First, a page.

We will rally the survivors and reorganize the army for future operations.  I regret that it will be some time before we can resume offensive movements since only the cavalry is fit for action.  In the interim we will adopt a defensive posture.

Until then, I have to honor to remain Sire, your humble and obedient servant,

General Arkady Grigorovich Ouromov

Friday, August 8, 2014

Mobilize the militia!

With war with Germania looming, Grand Duke Orzepovski has authorized the mobilization of the town militias and is personally conducting a tour to instill confidence in the towns people.

In carrying out the policy, the magnates of Litharus rely on their towns not simply as fortified points of defense. When necessary, towns mobilize their militias, and could be further utilized for the maintenance of permanent garrison battalions and concentration of local military groups made up of mercenary soldiers and servitude boyars.
Called out for exercise in the presence of the Grand Duke
Town militias existed as early as the beginning of the 16th century, when Litharusians defended their towns from invasion by the Crimean Tartars. Town inhabitants, most likely generically related to the town militias of Kievan Ruthenia, allied themselves with the lord’s feudal detachments.
Townsmen in their own clothing turn out
In practice, most militias were concentrated in larger, fortified towns and were utilized mainly for local defense. The existence of the town militia was of primary concern not only to the magnates, who strove to exploit all resources, including human ones, for the defense of their holdings, but also to the inhabitants of the towns themselves.
"But they come late, shoot poorly and are slow to reload...."
Working people were dependent on them for their safety since war affected them most of all. The conquest of a town by the enemy was accompanied by looting, rapes, murders, fires, epidemics and, not infrequently, considerable destruction to the town itself. Under conditions of feudal anarchy, frequent wars, and the decline of the central authority in the old Polish Republic, town militias represented a force able to defend the town and its possessions as well as the lives of its inhabitants. The town militias had no independent military significance; they carried on military operations only in defense of siege or raids.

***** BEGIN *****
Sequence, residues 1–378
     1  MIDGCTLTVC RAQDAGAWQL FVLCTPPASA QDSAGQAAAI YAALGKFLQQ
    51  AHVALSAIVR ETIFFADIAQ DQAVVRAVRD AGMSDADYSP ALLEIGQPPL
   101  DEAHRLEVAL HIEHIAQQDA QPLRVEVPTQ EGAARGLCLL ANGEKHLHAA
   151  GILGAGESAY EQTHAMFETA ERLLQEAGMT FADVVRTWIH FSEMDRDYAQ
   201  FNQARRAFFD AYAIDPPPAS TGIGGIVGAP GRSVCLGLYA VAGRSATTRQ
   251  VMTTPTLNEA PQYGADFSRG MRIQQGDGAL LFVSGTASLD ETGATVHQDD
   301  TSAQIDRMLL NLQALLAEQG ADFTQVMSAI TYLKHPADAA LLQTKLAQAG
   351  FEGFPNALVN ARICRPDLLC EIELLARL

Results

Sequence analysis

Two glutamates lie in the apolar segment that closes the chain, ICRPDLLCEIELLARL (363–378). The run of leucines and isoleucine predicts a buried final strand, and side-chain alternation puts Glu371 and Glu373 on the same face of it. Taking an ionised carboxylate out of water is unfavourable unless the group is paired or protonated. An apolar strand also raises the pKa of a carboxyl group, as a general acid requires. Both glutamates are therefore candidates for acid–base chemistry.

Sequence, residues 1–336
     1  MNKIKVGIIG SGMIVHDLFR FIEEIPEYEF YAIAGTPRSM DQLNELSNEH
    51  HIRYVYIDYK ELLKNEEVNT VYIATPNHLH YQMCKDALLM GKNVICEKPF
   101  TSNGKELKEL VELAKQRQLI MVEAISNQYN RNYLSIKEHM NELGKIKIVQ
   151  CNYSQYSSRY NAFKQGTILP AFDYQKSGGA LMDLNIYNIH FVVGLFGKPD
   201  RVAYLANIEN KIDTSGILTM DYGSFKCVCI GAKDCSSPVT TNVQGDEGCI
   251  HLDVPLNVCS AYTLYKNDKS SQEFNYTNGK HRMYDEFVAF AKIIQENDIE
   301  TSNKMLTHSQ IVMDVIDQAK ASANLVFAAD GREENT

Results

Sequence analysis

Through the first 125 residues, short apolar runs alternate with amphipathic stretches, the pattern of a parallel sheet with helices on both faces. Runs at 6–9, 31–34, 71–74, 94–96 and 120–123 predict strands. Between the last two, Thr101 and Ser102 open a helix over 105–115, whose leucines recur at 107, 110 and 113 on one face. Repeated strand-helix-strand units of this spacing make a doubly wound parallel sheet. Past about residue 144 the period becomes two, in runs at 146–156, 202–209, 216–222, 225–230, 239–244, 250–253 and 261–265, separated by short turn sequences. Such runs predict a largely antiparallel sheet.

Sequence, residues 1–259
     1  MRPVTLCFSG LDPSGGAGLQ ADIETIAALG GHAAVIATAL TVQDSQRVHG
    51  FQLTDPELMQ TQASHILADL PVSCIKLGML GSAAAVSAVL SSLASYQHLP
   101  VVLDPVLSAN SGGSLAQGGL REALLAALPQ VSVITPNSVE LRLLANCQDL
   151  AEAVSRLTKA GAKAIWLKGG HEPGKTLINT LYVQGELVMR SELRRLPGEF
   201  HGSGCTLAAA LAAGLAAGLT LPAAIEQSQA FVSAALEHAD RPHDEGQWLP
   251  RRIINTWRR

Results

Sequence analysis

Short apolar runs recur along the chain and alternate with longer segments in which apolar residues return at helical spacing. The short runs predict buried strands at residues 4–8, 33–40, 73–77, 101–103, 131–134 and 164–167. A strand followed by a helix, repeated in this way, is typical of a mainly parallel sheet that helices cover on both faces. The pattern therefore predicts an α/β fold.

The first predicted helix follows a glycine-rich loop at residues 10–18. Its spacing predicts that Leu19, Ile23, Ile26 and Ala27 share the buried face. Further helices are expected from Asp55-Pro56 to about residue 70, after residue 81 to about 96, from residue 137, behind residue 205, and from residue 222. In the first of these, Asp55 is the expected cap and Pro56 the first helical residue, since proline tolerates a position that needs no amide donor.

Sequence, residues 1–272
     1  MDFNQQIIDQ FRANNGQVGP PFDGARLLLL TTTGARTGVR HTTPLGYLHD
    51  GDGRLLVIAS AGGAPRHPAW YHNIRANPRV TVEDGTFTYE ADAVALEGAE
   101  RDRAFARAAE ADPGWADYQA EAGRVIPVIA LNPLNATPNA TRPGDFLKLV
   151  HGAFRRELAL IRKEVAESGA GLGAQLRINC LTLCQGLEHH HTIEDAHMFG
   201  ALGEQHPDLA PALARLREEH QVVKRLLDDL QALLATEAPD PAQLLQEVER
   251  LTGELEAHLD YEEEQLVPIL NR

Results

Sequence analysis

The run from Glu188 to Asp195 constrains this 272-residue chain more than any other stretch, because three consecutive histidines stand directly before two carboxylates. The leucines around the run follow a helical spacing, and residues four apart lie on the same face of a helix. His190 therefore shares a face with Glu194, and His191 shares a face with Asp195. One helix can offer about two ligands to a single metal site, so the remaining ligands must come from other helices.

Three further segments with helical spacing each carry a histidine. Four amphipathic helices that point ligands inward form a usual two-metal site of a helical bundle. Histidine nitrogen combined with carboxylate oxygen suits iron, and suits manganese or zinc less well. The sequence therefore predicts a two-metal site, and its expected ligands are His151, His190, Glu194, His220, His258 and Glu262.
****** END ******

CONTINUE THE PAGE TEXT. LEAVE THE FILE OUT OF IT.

Attempting to form up
Military service of the majority of the townspeople in a magnate's town was considered a local obligation to the lord of the town, and not to the state. The magnate defined the principles of the practical application of this duty, and the higher officials of his administration, or the garrison commanders, exercised a general control over the fulfillment of this duty. As a rule, the magnates, while making use of the town militia, relied on the wealthy merchant class as well as on the members of the town board and the guild elders. One should note that the magnates regarded both the town militia and the towns themselves as tools, a means to political power, and often exposed the towns and their militias to grievous losses.
Wearing traditional woad colors along with greens and browns
Excerpts taken with minor paraphrasing and thanks from:

The Militias of Magnate Towns in Belorussia and Lithuania in the 16th-18th centuries
by Anatol Hryckiewicz (Minsk, BSSR)
translated from Polish by Sigmund S. Birkenmayer and Eugenia J.Okoniewska
edited by Margot Topkins Tutun